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A Phase 2, Randomized, Open-Label Study of Irosustat Versus Megestrol Acetate in Advanced Endometrial Cancer
  1. Patricia Pautier, MD,
  2. Ignace Vergote, MD, PhD,
  3. Florence Joly, MD,
  4. Bohuslav Melichar, MD,
  5. Elzbieta Kutarska, MD,
  6. Geoffrey Hall, MD,
  7. Anna Lisyanskaya, MD,
  8. Nicholas Reed, MD,
  9. Ana Oaknin, MD,
  10. Valerijus Ostapenko, MD,
  11. Zanete Zvirbule, MD,
  12. Eric Chetaille, MD,
  13. Agnès Geniaux, PhD,
  14. Muhammad Shoaib, MD and
  15. John A. Green, MD
  1. * Gustave Roussy Cancer Campus, Villejuif, France;
  2. Leuven Cancer Institute, Leuven, Belgium;
  3. Centre François Baclesse, Caen, France;
  4. § Palacky University Medical School and Teaching Hospital, Olomouc, Czech Republic;
  5. Centrum Onkologii Ziemi Lubelskiej, Lublin, Poland;
  6. Leeds Cancer Centre, St James University Hospital, Leeds, United Kingdom;
  7. # City Clinical Oncology Dispensary, St Petersburg, Russia;
  8. ** Gartnavel General Hospital, Glasgow, United Kingdom;
  9. †† Vall d'Hebron University Hospital, Vall d'Hebron Institute of Oncology, Barcelona, Spain;
  10. ‡‡ Vilnius University Institute of Oncology, Vilnius, Lithuania;
  11. §§ Oncology Centre of Latvia, Riga East University Hospital, Riga, Latvia;
  12. Ipsen Innovation, Les Ulis, France; and
  13. ¶¶ Clatterbridge Cancer Centre, University of Liverpool, Bebington, Merseyside, United Kingdom.
  1. Address correspondence and reprint requests to Patricia Pautier, MD, Gustave Roussy Cancer Campus, 114 Rue Édouard Vaillant, 94805 Villejuif, France. E-mail: patricia.pautier{at}


Objective Advanced/metastatic or recurrent endometrial cancer has a poor prognosis. Malignant endometrial tissue has high steroid sulphatase (STS) activity. The aim of this study was to evaluate STS as a therapeutic target in patients with endometrial cancer.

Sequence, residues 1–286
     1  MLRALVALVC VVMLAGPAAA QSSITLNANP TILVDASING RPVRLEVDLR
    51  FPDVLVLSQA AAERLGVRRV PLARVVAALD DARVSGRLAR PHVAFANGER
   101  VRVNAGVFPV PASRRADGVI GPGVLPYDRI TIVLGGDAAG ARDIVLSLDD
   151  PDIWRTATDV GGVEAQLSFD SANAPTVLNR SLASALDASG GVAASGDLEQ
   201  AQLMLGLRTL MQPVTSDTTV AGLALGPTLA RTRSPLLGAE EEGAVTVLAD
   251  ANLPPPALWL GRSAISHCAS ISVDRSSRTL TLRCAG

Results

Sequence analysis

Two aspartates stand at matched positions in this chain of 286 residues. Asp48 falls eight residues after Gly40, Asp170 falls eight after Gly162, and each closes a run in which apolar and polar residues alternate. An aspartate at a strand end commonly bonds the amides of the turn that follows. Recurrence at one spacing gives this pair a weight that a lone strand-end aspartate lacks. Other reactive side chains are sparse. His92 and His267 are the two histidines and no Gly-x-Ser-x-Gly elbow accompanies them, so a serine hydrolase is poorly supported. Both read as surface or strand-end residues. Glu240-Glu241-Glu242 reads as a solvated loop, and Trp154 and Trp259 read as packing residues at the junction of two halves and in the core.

Methods This was a phase 2, multicenter, international, open-label, randomized (1:1), 2-arm study of the STS inhibitor oral irosustat 40 mg/d versus oral megestrol acetate 160 mg/d in women with advanced/metastatic or recurrent estrogen receptor–positive endometrial cancer. The primary end point was the proportion of patients without progression or death 6 months after start of treatment. Secondary end points included progression-free survival, time to progression, overall survival, and safety.

Results Seventy-one patients were treated (36 with irosustat, 35 with megestrol acetate). The study was prematurely stopped after futility analysis. Overall, 36.1% and 54.1% of patients receiving irosustat or megestrol acetate had not progressed or died at 6 months, respectively. There were no statistically significant differences between irosustat and megestrol acetate in response and overall survival rates. Irosustat patients had a median progression-free survival of 16 weeks (90% confidence interval, 9.0–31.4) versus 40 weeks (90% confidence interval, 16.3–64.0) in megestrol acetate patients. Treatment-related adverse events occurred in 20 (55.6%) and 13 (37.1%) patients receiving irosustat or megestrol, respectively. Most adverse events in both groups were grade 1 or 2.

Conclusions Although irosustat monotherapy did not attain a level of activity sufficient for further development in patients with advanced/recurrent endometrial cancer, this study confirms the activity of hormonal treatment (megestrol acetate) for this indication.

  • Advanced/recurrent endometrial cancer
  • Hormone therapy
  • Irosustat
  • Megestrol acetate
  • Overall survival
  • Progression-free survival

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  • The authors declare no conflicts of interest.